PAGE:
As the next batch of 7,000 or so students prepare to leave Brighton’s two universities, nationally one graduate in every three that left university in the past six years is in a job that only requires entry-level skills; up from one in four from 10 years ago.
Indeed a graduate with a degree and three years at university under his/her belt is just as likely to be unemployed in the year after they graduate as a school leaver with just five GCSEs. It is tempting to point to the 2008 recession and subsequent austerity but figures from the Office for National Statistics [ONS] show that the proportion of graduates in lower skilled jobs has been rising since 2001. Obviously the recession hasn’t helped but it isn’t to blame.
In the decade since 2001 the number of people graduating from university in the UK has increased by about 50% but higher skilled job creation has not kept pace although it has grown faster than lower skilled jobs.
In Brighton & Hove about 35% of graduates are in jobs that do not require their graduate skills which is very similar to most university towns.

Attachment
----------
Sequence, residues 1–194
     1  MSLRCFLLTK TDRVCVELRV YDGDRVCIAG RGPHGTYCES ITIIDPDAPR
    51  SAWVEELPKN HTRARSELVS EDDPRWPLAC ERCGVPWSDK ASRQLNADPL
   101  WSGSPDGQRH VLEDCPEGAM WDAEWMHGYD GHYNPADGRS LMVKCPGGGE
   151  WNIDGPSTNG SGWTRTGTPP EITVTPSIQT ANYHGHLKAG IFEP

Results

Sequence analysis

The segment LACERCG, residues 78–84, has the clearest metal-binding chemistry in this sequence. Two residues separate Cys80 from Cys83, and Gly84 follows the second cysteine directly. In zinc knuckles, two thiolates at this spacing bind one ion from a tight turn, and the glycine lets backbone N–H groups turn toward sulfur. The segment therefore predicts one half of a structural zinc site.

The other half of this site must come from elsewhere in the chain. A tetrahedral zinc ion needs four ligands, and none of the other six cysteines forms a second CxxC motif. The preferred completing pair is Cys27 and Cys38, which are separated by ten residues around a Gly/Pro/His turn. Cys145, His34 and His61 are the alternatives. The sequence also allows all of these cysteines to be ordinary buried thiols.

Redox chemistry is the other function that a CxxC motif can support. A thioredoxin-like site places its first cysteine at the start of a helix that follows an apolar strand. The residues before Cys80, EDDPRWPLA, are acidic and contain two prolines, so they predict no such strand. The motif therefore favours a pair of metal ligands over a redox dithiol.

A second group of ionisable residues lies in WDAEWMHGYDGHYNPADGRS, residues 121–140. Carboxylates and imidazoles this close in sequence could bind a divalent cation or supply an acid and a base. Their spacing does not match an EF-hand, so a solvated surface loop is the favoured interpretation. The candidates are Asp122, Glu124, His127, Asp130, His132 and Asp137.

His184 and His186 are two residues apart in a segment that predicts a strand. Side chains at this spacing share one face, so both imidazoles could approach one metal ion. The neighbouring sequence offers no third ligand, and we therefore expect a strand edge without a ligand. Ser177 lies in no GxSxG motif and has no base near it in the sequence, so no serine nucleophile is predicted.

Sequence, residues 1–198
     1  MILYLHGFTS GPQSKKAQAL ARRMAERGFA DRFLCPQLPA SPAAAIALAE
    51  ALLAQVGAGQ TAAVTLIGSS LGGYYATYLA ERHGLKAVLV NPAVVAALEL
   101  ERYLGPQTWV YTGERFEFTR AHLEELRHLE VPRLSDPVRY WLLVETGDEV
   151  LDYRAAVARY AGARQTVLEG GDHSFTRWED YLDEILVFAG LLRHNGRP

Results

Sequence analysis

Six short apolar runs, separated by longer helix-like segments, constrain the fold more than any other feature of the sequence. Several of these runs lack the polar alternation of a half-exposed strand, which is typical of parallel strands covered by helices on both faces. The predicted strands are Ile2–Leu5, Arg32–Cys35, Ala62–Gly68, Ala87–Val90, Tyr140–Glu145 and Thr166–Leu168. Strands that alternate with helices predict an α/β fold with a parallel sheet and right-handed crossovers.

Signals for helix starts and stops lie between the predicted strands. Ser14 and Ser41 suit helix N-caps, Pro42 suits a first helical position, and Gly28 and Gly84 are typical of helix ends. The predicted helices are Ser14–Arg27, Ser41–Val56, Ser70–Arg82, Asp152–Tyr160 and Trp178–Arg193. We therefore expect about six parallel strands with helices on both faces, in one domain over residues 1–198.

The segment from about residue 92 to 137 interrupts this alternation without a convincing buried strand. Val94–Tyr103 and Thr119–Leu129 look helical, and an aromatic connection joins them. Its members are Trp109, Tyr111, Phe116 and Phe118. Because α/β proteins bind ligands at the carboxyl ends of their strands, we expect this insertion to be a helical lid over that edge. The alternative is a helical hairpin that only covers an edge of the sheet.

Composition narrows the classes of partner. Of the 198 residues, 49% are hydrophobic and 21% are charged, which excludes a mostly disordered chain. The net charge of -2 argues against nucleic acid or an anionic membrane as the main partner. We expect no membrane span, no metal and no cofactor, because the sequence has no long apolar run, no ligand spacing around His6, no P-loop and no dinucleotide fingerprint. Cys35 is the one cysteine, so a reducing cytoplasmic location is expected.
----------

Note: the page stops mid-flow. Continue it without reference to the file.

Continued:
Although school leavers and graduates might share the same employment prospects when they leave full time education, the picture changes markedly thereafter. After two years only 9% of graduates are unemployed compared to over a quarter of school leavers. Over a lifetime of employment graduates also earn more.
Although Brighton & Hove fares no worse than other places when it comes to getting graduates into graduate-level jobs, it represents a shocking waste of potential. With just under 48% of residents qualified to first degree level [NVQ Level 4] few other places in the south-east can compete with us in terms of quality of the workforce but too many commute out of the city every day [about 38,000] to better paying jobs in and around London.
This is just one of the reasons why creating more high-level jobs, like those in the digital sector is a priority for the city.